An overly-earnest, ripped-from-the-headlines drama about two French teens recruited by ISIL that combines sensationalism with dully generic characterizations.
Two middle-class French girls fall prey to ISIL recruiters in Marie-Castille Mention-Schaar’s oh-so-earnest hot-button drama “Heaven Will Wait.” Designed as a warning to parents (do you know what your girls are up to?!), the film is armor-plated against criticism because negative evaluations could so easily be accused of suggesting that such things don’t happen, when in truth the problem isn’t the theme but its facile treatment. Including staged group-therapy meetings with real-life counselor Dounia Bouzar is meant to add to the authenticity, yet the “ripped from the headlines” sensationalizing combined with a dull genericism (not to mention unconvincing attempts at countering Islamophobia) mean “Heaven Will Wait” never rises above a TV issue-of-the-week broadcast. Still, the film will likely do decent European business given its topicality.
Audiences who can recall all those late-1970s, early-’80s small screen dramas about young people drawn into cults will recognize the same tropes, here in spades, from the characterization of initially perfect teens turned into drones, to the heroic deprogrammers refusing to lose hope. Just as with her previous film, “Once in a Lifetime,” director and co-writer Mention-Schaar aims to recreate real events, yet telescoping characters means none of them feel remotely true, and the bland artificiality dressed up as authenticity will likely be sniggered at by the high school crowd.
Two cases are told in tandem, though the first is related in linear fashion while the second cuts unsatisfactorily between present, past, and future. At the start, Sonia Bouzaria (Noémie Merlant) is pulled from her bedroom by cops in protective gear, as parents Catherine (Sandrine Bonnaire) and Samir (Zinedine Soualem) look on in terrified bewilderment. They learn that their daughter was about to leave for Syria to join ISIL. Sentenced to a sort of in-house probation and forbidden to use the internet or phone, Sonia wildly tells her parents she’s doing it to ensure the whole family will be together in Paradise.
In contrast to Sonia’s shifts from sullen to half-crazed and back, another teen, Melanie Thenot (Naomi Amarger), is the perfect daughter. She plays cello, she visits her granny, she’s a social activist in school. That’s how it starts (parents, beware of your child’s social activism!): She begins a texting relationship with a guy who uses the name “Freedom Lover.” In truth, he’s an ISIL recruiter, getting her to watch videos about Palestinians, urging her to be modest, and making himself, all via text, her indispensable advisor and promised husband.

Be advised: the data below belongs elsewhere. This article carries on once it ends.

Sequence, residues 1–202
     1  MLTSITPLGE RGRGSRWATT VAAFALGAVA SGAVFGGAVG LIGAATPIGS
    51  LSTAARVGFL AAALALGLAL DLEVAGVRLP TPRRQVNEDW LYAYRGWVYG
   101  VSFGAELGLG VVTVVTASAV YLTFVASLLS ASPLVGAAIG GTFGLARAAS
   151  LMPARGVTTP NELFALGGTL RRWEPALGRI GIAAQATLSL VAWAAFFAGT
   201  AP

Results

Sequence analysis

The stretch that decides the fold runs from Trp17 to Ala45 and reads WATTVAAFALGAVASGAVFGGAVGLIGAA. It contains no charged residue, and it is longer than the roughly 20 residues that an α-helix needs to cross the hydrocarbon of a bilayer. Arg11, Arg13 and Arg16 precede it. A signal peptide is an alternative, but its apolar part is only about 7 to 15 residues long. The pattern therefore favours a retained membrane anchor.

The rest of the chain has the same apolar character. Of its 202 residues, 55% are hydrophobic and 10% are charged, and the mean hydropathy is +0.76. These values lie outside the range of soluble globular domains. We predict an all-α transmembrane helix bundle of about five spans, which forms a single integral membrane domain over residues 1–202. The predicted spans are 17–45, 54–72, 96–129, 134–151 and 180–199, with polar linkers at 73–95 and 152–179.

While Melanie is getting sucked in and Sonia is freaking out because she’s trapped at home and can’t get to Syria, an adult woman, Sylvie (Clotilde Courau), cuts her hair short and wanders about in a daze. Slowly it becomes clear that Sylvie is Melanie’s mom, and Melanie is awol. Along with other middle class parents of children who’ve unexpectedly decamped to ISIL, Sylvie attends group therapy with Bouzar, who’s trying to help families understand what happened to their kids, and to deprogram those like Melanie, saved before boarding the plane.
Unsurprisingly, Bouzar is the only figure here who seems genuine. Sonia is angry, occasionally frightened, but has no depth, and Melanie’s leap from goody-goody to niqab-wearing fanatic doesn’t feel remotely believable. No one can deny that ISIL is doing a terrifyingly good job at recruiting vulnerable European teens, but “Heaven Will Wait” simplifies and compresses so it all feels merely melodramatic. In addition, Mention-Schaar tosses in a few generically positive words from Bouzar about Islam, yet then includes an unequivocally Islamophobic scene with Melanie racing home to pray as the soundtrack fills with a muezzin’s chant accompanied by a thunderstorm.
Scenes like that rub shoulders with a shot of Sonia, liberated from her ISIL urges, breathing in the air of freedom as she leans her head out a car window (the hackneyed image incongruously also turns up on the poster). Performances are sincere but leave no lasting impression apart from Merlant’s fuming, while the visuals are standard.